Weight reduction is associated with improvement of glycemic control in Japanese men, whose hemoglobin A1C is 5.6–6.4%, with visceral fat accumulation, but not without visceral fat accumulation
Article first published online: 22 APR 2013
© 2013 Asian Association for the Study of Diabetes and Wiley Publishing Asia Pty Ltd
Journal of Diabetes Investigation
Volume 4, Issue 5, pages 454–459, September 2013
How to Cite
(J Diabetes Invest, doi: 10.1111/jdi.12084, 2013)
- Issue published online: 13 SEP 2013
- Article first published online: 22 APR 2013
- Manuscript Accepted: 7 FEB 2013
- Manuscript Revised: 6 FEB 2013
- Manuscript Received: 25 NOV 2012
- Japan Heart Foundation
- Manpei Suzuki Diabetes Foundation
- Glycemic control;
- Visceral fat accumulation;
- Weight reduction
The aim of the present study was to determine whether weight reduction is associated with improvement of glycemic control in non-obese and obese subjects with or without visceral fat accumulation, whose hemoglobin A1c (A1C) is 5.6–6.4%.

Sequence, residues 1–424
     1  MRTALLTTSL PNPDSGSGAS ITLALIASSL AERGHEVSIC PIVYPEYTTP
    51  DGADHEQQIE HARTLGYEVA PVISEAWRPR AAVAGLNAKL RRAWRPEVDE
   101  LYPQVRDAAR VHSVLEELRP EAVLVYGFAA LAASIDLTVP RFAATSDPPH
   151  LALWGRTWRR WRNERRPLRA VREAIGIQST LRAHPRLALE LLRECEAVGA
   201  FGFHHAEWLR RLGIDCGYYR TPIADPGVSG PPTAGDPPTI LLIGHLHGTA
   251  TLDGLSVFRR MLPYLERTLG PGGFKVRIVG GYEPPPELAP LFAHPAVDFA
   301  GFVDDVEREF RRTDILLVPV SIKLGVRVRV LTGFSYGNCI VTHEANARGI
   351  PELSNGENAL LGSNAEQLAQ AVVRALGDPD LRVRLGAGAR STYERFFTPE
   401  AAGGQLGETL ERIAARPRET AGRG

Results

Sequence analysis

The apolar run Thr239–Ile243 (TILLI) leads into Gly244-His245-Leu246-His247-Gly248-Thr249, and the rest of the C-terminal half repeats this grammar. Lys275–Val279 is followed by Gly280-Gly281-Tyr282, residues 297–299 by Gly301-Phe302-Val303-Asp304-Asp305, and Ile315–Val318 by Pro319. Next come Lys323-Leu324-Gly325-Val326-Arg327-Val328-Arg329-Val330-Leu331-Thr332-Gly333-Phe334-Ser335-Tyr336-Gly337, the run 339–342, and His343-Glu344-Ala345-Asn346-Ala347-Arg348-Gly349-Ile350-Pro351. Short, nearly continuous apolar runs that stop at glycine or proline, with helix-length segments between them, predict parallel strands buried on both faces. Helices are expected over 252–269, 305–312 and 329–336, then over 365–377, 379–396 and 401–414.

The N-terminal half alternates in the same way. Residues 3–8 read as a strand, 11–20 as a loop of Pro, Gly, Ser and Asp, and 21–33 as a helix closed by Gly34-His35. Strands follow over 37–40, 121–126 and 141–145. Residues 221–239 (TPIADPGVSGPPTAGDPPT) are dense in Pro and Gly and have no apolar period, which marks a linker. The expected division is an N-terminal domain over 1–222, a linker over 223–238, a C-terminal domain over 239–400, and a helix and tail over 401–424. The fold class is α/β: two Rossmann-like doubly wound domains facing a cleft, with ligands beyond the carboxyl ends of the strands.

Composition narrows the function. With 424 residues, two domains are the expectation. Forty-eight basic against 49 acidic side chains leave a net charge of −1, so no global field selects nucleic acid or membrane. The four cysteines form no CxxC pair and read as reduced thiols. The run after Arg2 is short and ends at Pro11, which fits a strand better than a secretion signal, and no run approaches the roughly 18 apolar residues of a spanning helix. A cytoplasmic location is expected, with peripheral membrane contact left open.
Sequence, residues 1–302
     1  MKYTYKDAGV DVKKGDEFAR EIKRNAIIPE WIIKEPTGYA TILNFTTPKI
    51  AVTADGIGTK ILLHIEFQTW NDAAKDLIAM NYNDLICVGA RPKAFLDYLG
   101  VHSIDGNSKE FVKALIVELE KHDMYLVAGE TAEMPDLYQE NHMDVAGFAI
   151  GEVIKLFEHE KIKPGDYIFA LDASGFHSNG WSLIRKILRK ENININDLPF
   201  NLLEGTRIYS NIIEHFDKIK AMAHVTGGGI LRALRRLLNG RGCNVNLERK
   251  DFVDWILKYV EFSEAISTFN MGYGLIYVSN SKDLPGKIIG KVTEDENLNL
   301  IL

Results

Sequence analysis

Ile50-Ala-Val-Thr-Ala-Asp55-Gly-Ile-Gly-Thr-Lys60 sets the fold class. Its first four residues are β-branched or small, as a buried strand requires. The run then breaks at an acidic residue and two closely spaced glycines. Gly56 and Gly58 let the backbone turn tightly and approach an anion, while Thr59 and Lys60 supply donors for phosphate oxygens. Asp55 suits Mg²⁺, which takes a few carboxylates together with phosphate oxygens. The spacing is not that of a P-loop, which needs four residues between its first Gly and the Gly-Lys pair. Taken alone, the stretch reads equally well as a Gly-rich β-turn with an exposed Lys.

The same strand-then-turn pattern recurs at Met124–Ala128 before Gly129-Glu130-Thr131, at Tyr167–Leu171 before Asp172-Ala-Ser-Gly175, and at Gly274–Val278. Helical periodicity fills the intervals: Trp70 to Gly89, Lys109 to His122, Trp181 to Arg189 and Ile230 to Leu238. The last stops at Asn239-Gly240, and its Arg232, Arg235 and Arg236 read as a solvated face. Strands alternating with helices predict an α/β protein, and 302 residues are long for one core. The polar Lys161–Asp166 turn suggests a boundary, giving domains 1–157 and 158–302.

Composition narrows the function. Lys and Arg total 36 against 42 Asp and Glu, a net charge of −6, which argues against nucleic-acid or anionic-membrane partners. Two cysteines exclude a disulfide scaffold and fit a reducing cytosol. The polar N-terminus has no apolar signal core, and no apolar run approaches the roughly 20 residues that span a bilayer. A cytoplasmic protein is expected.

Materials and Methods
A total of 798 male subjects whose A1C levels were between 5.6% and 6.4% were divided into subgroups based on body mass index (BMI) and/or estimated visceral fat area (eVFA), and were analyzed with respect to the relationships between 1-year changes in BMI (ΔBMI) and A1C (ΔA1C).
In both the BMI ≥25 and BMI <25 groups, ΔA1C correlated positively with ΔBMI (BMI ≥25 (n = 321): r = 0.236, P < 0.0001; BMI <25 (n = 477): r = 0.095, P = 0.0387) although the r-value was very small for the latter group. In addition, for the group with eVFA ≥100 cm2 (n = 436), ΔA1C correlated positively with ΔeVFA (r = 0.150, P = 0.0017), but this correlation was not found for the eVFA <100 cm2 group (n = 339, P = 0.3505). Furthermore, ΔA1C positively correlated with ΔBMI for the groups in BMI ≥25 with eVFA >100 cm2 (n = 293, r = 0.256, P < 0.0001) and BMI <25 with eVFA ≥100 cm2 (n = 145, r = 0.250, P = 0.0024), but not for the groups in BMI ≥25 with eVFA <100 cm2 (n = 28, P = 0.6401) nor BMI <25 with eVFA <100 cm2 (n = 332, P = 0.6605).
These results suggest that the assessment of visceral fat, rather than BMI, might be more important in identifying subjects in whom lifestyle intervention aiming at weight reduction could be effective to prevent diabetes. This trial was registered with University Hospital Medical Information Network Clinical Trials Registry (no. UMIN 000002391).